What is new media? Most of the time I don’t want to spend any more energy than I have to thinking about the question; it has a “what is art?” flavor I don’t care for. There are exceptions to this, though, and last weekend proved to be one of them.
Tackled during the “Issues of Digital Media Art” session at The Woodstock Digital Media Festival Saturday morning, panel moderator and artist Joe McKay began by asking why we always have to ask what new media is. Beyond providing a basic distinction between digital art (a digital print or sculpture — object based work) and New Media (work that is created, stored and distributed with digital technologies), the panelists addressed how the medium is defined in universities, by curators, and by artists (who often opt not to bother with the issue at all). Members also addressed the pull of technology to artists, a topic of conversation that led to Magda Sawon’s assertion that “we’re at this stage where the democratization of access to technology brings in a very different layer of artists who still could be called media artists, but for them it’s a natural tool.” For this new strata of artists, “It’s not a learned tool and discovered tool, it’s the available tool.”
Sawon was part of a panel consisting of herself and Tamas Banovich, owners of Postmasters art, Christiane Paul, curator of New Media at the Whitney Museum of American Art, and artists Marcin Ramocki and Mary Flanagan.
Joe McKay: [preamble] I am going to ask the first question, and after that we have a mic for you to ask questions. Here’s my question: what is new media art, and how do you define it for yourself? I also wanted to ask what it means that we always have to ask what new media is. We don’t go to a painting now and immediately ask “what is painting?”. Does the fact that we always have to ask this question mean that the term is becoming useless? Is it a successful term to describe what we’re doing?
Christiane Paul: The question has been discussed for at least fifteen years when it comes to media that use digital technologies. To the best of my knowledge, the term was first used in the early twentieth century for film. Everybody agrees that it’s a really bad term because it doesn’t say anything. Its big advantage is that it can accommodate whatever is happening at any given point, because this is an evolving medium. So some basic distinctions that need to be made: first of all, “new media” is often used interchangeably with “digital art.” There’s digital art that uses technologies as a tool in the creation of a photograph of a painting of a sculpture; it is a different aesthetic, but that doesn’t change presentation, selling, et cetera. We’re dealing with art objects. And then there is new media that is created, stored, distributed by the digital technologies, and that really makes use of the inherent characteristics of the medium: works that are interactive, generative, participatory. They don’t need to be, but those are the characteristics that are associated with the medium. And those pose tremendous challenges. But, the issue is that this is a constantly evolving medium, and we constantly have to keep defining it. Social media is something of the twenty-first century, like the whole facebook type of networking. Locative media only exploded really in the twenty-first century; the net art of the nineties is not the net art of the two thousands. So that’s why I think we have to keep asking that question. Fifty years ago people said the term is old, and we should make something new, and that is difficult and problematic. It hasn’t happened yet.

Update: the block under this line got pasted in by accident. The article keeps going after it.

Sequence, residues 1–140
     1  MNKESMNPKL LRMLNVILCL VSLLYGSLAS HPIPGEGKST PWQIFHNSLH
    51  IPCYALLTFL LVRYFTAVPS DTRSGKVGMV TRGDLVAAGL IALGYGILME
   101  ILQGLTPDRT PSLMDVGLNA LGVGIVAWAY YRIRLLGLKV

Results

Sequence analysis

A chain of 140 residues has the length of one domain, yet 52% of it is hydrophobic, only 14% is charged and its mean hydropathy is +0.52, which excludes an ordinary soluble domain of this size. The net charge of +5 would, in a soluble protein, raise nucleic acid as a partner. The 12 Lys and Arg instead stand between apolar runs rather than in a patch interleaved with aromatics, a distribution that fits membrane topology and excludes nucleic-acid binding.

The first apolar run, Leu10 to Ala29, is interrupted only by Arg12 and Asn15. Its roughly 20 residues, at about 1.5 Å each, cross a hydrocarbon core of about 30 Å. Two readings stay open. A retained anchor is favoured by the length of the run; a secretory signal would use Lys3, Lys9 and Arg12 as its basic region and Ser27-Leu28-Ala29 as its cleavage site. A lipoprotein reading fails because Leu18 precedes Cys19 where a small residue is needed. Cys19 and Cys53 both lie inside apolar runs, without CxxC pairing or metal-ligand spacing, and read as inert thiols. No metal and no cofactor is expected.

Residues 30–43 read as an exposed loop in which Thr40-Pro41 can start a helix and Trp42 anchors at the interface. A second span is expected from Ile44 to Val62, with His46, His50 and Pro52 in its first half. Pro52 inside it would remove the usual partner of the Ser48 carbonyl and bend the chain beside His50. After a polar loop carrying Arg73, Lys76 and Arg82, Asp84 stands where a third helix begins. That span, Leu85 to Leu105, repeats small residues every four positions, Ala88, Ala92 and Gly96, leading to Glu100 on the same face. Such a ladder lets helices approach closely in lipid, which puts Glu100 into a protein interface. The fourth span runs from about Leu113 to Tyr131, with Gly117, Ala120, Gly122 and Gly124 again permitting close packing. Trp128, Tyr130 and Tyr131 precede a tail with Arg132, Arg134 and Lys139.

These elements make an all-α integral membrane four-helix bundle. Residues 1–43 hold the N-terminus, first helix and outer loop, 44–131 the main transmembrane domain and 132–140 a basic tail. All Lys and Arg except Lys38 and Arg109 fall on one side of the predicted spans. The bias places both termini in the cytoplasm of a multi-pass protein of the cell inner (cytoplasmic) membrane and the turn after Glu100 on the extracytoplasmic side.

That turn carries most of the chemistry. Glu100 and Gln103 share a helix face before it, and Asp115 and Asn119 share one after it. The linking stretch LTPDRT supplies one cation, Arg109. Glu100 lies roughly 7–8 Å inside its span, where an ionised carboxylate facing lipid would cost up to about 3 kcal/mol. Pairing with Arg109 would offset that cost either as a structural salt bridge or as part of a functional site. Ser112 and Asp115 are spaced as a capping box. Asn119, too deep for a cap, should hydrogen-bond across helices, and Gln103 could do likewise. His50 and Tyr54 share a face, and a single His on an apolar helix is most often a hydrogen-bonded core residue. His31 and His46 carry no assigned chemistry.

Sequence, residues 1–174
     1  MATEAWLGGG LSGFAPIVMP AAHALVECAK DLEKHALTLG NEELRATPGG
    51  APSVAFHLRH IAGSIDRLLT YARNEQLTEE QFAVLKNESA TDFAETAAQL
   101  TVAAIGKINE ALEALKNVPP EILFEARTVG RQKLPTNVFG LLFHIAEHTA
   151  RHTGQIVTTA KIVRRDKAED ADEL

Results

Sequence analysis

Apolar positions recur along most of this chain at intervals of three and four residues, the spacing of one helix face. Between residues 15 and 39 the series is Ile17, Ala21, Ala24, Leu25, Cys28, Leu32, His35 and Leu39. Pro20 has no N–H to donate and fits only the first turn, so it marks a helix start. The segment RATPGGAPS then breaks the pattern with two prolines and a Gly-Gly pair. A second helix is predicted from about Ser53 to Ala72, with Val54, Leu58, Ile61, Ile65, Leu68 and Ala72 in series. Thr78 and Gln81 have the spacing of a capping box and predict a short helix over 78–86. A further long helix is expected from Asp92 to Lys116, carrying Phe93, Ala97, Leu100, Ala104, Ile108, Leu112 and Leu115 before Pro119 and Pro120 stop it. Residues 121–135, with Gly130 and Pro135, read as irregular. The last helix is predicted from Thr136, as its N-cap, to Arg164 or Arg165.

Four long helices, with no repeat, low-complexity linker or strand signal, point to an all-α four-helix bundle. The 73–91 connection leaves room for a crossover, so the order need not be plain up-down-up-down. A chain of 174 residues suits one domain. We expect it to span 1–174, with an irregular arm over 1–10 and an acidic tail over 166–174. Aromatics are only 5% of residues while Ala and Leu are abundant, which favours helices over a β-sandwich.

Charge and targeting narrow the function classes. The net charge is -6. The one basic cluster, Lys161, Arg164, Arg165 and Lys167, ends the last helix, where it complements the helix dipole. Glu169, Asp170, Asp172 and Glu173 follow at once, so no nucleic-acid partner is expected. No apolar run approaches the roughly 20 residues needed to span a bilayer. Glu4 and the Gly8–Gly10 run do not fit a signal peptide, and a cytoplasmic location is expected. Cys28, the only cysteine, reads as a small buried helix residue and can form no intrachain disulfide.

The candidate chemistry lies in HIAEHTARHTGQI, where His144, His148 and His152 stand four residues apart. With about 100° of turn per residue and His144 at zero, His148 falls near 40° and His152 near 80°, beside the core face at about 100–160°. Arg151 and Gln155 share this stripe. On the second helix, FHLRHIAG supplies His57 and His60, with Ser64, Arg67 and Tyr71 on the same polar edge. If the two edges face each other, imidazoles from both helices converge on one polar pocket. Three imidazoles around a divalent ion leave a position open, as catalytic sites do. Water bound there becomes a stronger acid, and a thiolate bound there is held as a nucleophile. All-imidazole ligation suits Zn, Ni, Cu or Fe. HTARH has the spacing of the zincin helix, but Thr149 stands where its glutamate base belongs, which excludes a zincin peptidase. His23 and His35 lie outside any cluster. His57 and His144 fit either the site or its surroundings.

Magdelena Sawon: I can just mention that the progression of the new in art occurs in other mediums as well. I think you can trace the very same question to, say, “what is photography?” When that arrived on the scene, everybody was already familiar with painting. So these progressions of technologies- and what allow artists to create new forms of expression and new output- they just kind of continue, so it’s a big umbrella to call something “new media,” and then you have to compartmentalize into things more specific [terms]. But this progression from painting, photography, video and then we can take digital art, computer art, new media art, whatever- those are just the efforts of naming things. I don’t think creators think that way, that they’re going to name their forms.